economics politics

Freddie and Fannie healthcare and moral hazard

Obama had some proposals for improving the healthcare situation. Some of them sounded pretty good, like trying to get rid of “anti-competitive activity” in the insurance arena. The way it has been worded, it sounded like they wanted to target anti-competitive practices by the companies, that’ll help but they need to take on the big anti-competitive problems that are imposed by governments. Here’s a radical idea, allow companies to compete across state lines. Wild, I know. To me, this would be a good use of the commerce clause in the constitution. Right now, every state has it’s own insurance board and it’s own insurance laws. Get rid of that with a single, nation-wide set of rules and we should see much greater competition. In addition, with all of those people being able to be pooled, the risk sharing arrangements should also help to lower premiums.

So I like that bit of potential reform. What I worry about is the vague exhortations to “protect” businesses from catastrophic health care costs and the push to require the business to offer insurance. He has also talked about a public health care insurance plan that is similar to what the congress has access to. Making businesses take on additional costs is not going to be good for their bottom line. Ultimately, that will make them less able to hire people. SImple enough…

The other two things worry me quite a bit. I have zero confidence in the government’s ability to manage an insurance system that works. I also have a feeling I know how he intends to “protect” businesses from high medical costs. There is going to be some sort of government guarantee that will pick up the tab over x amount of dollars. That sound suspiciously like how Fannie May and Freddie Mac were set up. Lenders were encouraged to lend to people with less than stellar credit by telling them that Fannie and Freddie would take care of any mortgages that go into default. We have all seen the results of that policy. Economists have a two word phrase to describe the problem with insurance like that. It’s moral hazard. If lenders aren’t worried about the loan going into default, they will lend to many more people. The same thing is possible with any sort of government backing of medical costs. If insurers are backed by the government, they will indeed take on anyone and the costs will get out of control quickly. If the government backs businesses to “protect” them, costs will again go through the roof. Clearly, someone has to be the no man, it will either be an insurance company or a government bureaucrat.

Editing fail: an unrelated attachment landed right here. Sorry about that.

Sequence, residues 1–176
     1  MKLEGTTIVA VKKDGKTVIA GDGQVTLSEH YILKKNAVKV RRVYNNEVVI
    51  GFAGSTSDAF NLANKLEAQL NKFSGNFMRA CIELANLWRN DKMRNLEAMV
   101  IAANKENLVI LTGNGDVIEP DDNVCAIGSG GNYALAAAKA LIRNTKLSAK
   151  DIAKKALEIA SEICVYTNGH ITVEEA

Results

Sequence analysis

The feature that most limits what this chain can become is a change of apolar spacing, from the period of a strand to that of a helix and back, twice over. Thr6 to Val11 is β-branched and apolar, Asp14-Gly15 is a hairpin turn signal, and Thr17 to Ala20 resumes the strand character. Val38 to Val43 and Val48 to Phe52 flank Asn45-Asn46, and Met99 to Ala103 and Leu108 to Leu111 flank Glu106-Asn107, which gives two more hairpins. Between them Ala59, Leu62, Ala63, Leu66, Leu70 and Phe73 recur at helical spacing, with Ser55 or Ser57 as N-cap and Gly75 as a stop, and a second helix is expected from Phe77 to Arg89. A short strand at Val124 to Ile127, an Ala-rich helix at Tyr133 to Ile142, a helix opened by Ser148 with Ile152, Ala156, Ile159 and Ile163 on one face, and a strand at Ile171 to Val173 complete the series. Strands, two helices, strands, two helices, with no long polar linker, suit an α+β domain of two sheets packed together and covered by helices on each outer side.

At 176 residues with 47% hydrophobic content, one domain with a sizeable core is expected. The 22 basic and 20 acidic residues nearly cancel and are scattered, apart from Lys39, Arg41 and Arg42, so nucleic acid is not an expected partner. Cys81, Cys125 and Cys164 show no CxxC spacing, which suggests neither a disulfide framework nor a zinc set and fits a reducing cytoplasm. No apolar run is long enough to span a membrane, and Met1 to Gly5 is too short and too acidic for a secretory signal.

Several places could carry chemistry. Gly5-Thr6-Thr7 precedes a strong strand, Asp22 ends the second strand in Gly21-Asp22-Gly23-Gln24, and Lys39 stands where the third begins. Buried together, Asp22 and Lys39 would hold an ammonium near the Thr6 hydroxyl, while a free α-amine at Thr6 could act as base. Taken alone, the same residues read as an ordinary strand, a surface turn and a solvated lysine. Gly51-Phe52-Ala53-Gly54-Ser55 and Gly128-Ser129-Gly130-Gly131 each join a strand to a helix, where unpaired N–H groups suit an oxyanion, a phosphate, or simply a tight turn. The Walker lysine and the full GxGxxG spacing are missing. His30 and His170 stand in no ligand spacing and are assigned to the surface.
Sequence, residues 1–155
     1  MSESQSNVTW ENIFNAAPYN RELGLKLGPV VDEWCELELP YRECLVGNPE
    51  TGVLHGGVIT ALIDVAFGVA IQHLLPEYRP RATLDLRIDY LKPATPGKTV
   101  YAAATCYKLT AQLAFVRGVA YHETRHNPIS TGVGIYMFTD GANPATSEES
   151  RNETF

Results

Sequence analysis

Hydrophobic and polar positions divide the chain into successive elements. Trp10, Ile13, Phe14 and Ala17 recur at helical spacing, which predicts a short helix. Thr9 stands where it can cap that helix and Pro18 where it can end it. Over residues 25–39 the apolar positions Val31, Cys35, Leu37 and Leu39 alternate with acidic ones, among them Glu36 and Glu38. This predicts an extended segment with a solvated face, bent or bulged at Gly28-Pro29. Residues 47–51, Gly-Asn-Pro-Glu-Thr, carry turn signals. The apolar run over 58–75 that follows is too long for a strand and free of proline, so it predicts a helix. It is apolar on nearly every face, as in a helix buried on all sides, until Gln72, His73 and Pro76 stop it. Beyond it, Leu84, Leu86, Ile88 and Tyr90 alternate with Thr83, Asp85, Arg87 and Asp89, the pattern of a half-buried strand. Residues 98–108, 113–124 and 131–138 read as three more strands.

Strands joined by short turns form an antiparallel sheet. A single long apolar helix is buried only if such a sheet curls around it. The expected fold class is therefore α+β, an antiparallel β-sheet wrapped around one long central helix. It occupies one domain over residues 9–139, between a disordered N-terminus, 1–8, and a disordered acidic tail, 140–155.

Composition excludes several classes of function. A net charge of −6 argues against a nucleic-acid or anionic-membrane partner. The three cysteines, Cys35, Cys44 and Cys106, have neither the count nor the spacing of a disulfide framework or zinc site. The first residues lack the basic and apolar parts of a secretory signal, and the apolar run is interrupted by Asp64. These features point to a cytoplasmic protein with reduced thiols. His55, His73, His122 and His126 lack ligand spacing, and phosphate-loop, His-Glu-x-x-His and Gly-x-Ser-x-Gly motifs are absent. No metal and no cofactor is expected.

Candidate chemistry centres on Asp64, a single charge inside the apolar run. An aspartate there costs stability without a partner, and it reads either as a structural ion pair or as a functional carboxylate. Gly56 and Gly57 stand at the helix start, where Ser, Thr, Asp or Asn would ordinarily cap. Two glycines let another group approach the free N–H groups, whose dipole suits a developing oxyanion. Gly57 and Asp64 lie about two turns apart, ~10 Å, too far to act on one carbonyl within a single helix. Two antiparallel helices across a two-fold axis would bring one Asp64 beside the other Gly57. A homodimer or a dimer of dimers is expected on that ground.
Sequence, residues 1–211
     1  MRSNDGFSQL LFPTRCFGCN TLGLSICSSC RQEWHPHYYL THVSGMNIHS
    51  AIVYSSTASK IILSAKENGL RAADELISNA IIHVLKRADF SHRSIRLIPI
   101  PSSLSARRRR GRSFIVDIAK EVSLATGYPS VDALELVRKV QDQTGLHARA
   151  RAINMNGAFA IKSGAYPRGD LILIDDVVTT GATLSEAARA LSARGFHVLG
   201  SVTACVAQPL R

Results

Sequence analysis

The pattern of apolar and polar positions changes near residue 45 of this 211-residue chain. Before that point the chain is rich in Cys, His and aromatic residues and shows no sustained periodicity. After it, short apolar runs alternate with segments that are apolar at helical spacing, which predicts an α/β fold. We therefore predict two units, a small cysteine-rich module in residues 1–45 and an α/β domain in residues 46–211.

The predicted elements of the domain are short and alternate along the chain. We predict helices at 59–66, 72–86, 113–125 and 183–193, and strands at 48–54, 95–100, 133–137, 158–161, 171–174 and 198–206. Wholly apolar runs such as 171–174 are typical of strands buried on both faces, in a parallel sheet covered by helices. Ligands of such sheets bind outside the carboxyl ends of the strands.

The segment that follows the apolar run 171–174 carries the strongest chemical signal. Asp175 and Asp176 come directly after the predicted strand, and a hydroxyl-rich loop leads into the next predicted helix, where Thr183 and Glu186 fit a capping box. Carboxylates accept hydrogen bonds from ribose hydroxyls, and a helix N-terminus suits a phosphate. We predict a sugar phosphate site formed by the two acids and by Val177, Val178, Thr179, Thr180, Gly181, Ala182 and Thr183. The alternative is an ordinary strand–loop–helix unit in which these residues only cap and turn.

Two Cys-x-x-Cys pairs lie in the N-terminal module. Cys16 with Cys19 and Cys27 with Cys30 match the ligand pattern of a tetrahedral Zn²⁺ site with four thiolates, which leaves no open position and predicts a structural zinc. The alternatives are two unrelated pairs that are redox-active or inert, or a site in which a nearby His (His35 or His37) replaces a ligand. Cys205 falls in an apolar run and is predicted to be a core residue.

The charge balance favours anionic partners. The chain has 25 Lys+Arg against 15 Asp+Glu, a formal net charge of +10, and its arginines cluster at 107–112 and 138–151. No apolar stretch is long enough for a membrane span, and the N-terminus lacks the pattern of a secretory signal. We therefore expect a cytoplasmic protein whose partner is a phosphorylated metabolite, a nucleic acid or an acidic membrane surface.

My main point is that we should learn out lessons with Fannie May and Freddie Mac. It’s a lovely idea that everyone should own their own home, but we can’t have a total meltdown in order to insure that. In the same way, it is nice to think that everyone should have access to any medical procedure, but we can’t get into the same situation we did with housing. Whatever is proposed for healthcare reform, be on the lookout for moral hazard problems.

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